#10: “Dangal” (2016)
Really any Bollywood movie from the decade could’ve taken this spot on the list, including Queen and Barfi. But I’d argue that of the ones that I did get a chance to watch, Dangal was the most enjoyable and accessible. The story, which is apparently based on true events, finds the inimitable movie star Aamir Khan as a man trying to raise his daughters to become the best wrestlers in India and the world at large. While it follows the same sort of feel-good structure as most films of the genre, it’s still incredibly fun and interesting to watch as the dysfunctional family finds themselves more and more immersed in the world of professional wrestling. It’s also a testament to the movie’s quality that it manages to fly by even with a whopping 2 hour and 41 minute-long runtime.
#9: “Snowpiercer” (2013)
Bong Joon-ho is hardly the first foreign filmmaker this decade to make the transition to Hollywood-esque filmmaking, but there’s something truly unique about Snowpiercer. It’s vision of the future, in which the remnants of humanity are piled into a never-ending train that glides around a frozen Earth, is bleak yet compelling. It’s style and visual aesthetic help to set it apart from other films in the genre and comes complete with a devastating final act that showcases Chris Evans beyond the constraints of Captain America. If for nothing else, Snowpiercer is a perfect segue into Joon-ho’s other work and how he makes movies; entertaining yet biting. It was also one of the very first reviews I ever posted on this blog, which I don’t particularly feel proud of, but helped inspire me to share my opinions publicly.
#8: “The Master” (2012)
In general, I’ve run hot and cold on Paul Thomas Anderson’s filmography, but when he gets it right he hits it out of the park. And while some may point to Phantom Thread, I believe that this film is his most overlooked by far. The Master has many of his regular themes and ideas and puts them into the mindset of a perpetually drunk man who’s desperate to find belonging and meaning. With an authentic backdrop of post-World War II America and some of the best cinematography you’ll see this decade, there’s something that feels both old-fashioned yet totally modern about this historical drama. Oh, and Joaquin Phoenix is an absolute beast here. That scene of him and the late great Philip Seymour Hoffman in the jail cell was one of the most intense and gripping I had watched in quite a while.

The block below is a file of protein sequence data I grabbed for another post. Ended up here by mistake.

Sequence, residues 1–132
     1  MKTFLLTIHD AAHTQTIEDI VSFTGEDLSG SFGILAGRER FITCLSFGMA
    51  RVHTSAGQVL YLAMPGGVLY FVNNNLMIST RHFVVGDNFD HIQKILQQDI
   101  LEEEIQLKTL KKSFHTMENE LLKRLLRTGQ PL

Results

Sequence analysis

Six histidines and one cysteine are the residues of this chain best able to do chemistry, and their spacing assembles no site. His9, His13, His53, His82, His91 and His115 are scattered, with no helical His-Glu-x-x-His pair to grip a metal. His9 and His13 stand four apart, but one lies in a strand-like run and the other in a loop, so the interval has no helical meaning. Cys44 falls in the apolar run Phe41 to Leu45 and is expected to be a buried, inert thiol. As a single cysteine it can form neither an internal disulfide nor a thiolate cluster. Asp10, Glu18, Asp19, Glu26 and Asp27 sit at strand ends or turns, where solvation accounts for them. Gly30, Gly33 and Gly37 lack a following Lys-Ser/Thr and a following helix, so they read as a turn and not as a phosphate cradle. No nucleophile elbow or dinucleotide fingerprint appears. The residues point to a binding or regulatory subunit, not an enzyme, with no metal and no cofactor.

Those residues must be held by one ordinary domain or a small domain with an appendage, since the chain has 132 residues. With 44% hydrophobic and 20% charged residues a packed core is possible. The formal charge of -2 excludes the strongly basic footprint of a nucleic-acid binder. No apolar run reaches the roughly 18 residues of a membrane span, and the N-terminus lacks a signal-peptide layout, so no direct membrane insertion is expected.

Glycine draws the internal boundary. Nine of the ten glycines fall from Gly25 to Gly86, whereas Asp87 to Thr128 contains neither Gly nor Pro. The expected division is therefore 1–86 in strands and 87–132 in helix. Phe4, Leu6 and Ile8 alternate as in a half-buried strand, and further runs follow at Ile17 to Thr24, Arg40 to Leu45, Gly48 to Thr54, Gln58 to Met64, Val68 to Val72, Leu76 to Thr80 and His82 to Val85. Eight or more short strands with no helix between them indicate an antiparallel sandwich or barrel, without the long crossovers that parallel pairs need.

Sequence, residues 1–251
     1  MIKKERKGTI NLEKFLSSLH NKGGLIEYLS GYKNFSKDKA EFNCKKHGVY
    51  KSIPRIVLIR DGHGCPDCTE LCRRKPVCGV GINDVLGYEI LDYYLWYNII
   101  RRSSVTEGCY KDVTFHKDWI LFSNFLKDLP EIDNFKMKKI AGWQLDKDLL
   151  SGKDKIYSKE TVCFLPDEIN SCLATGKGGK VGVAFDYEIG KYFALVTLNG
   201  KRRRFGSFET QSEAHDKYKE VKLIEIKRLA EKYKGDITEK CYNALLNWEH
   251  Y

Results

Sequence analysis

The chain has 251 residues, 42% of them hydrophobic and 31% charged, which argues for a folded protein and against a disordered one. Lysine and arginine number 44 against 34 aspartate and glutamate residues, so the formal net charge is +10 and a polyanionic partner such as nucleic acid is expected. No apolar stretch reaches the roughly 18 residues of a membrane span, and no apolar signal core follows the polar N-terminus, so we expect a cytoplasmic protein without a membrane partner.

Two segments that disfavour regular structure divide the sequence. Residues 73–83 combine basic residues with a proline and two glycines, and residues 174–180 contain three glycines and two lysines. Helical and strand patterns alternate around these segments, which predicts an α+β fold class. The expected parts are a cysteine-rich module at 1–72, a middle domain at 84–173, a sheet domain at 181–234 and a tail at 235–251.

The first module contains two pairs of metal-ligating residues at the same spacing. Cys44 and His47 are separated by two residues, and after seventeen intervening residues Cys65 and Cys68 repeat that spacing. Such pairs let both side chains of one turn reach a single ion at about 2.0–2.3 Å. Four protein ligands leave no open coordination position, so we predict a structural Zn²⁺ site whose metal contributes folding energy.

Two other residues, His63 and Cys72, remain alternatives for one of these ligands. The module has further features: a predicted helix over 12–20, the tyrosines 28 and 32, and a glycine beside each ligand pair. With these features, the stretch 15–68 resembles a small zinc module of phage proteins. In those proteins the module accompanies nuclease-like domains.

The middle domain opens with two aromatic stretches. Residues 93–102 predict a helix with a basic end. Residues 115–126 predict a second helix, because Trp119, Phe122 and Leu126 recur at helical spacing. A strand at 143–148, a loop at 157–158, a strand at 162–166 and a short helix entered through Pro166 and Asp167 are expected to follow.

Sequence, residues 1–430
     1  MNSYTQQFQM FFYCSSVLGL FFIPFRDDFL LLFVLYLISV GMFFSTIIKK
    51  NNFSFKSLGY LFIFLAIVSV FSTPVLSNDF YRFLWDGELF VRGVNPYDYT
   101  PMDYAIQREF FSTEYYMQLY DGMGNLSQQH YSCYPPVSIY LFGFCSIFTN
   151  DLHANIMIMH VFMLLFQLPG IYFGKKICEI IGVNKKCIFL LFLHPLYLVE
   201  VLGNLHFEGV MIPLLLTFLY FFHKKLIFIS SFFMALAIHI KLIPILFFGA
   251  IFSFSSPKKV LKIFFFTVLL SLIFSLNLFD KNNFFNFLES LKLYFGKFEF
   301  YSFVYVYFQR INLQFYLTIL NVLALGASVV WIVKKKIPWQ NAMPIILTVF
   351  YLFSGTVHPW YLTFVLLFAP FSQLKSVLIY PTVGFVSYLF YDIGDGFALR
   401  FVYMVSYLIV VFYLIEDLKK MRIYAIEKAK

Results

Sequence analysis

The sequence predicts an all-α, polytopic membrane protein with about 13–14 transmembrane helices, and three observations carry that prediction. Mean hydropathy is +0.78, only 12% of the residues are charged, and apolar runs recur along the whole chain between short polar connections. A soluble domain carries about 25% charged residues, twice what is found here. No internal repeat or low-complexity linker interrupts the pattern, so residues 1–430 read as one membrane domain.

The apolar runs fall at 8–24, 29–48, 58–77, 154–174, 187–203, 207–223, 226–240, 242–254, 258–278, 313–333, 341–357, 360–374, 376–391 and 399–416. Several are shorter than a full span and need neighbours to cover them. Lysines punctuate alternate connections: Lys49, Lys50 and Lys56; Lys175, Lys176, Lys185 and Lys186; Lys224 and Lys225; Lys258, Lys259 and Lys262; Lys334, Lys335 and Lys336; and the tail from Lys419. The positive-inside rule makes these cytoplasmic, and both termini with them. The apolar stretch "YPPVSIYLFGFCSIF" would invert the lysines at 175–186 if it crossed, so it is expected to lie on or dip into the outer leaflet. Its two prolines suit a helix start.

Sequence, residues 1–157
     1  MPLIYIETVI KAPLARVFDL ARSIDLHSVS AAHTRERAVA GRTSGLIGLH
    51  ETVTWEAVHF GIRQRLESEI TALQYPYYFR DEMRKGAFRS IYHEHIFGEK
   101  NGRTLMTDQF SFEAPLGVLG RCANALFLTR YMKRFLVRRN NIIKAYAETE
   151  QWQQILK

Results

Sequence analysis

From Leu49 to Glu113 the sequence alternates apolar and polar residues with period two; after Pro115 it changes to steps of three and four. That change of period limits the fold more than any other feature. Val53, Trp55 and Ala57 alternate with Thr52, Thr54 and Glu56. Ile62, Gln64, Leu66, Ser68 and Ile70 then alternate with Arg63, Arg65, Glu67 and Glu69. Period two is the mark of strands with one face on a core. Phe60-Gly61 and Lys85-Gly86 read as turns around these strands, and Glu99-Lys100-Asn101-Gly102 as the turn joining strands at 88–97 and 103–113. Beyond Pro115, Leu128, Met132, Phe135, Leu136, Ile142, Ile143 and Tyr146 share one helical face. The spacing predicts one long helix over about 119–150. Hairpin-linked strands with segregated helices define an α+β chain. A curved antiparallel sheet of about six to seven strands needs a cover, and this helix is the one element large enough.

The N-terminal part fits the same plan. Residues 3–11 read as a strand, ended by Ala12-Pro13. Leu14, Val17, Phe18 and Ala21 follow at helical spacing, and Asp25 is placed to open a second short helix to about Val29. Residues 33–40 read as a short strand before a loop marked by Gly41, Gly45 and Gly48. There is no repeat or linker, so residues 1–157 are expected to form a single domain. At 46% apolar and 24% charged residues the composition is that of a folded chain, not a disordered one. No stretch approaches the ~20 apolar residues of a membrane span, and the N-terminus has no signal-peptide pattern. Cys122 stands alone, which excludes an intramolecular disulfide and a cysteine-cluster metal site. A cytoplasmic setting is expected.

#7: “Sorry to Bother You” (2018)
It’s hard for me to think of another feature debut from the last decade that swung for the fence as hard and as ballsy as Sorry to Bother You did. Boots Riley has a lot to say about the current state of white corporatism, but he’s able to channel it into a highly entertaining sci-fi comedy. It takes an absurdist approach to its subject matter- a black man in telemarketing using a “white voice” to become successful -and uses it to look at how capitalism and race intertwine in devastating ways. And the end results of it are equally hilarious and unnervingly real as Lakeith Stanfield (In his best role to date) navigates the highs and lows of privilege.
#6: “Raw” (2017)
This is one of the most gruesome coming-of-age stories I’ve seen recently that also happens to be a bit of body horror madness. I had heard tales of how gruesome it was, but all the blood and guts comes secondary to Julie Ducournau’s killer direction of the story. (Side note: This is also Ducournau’s feature debut) It’s a fascinating tale as we watch a young woman gradually lose her grip on reality as things in her life begin to spiral out of control. What makes Raw so compelling is that it teeters on the edge between being an all-out horror romp and a parable about a young woman’s awakening. Yes, there is plenty of gore shown throughout, but it never feels excessive and even thematically helps the story of the film. It might just be one of the best films t come out of France in a long while.
#5: “You Were Never Really Here” (2018)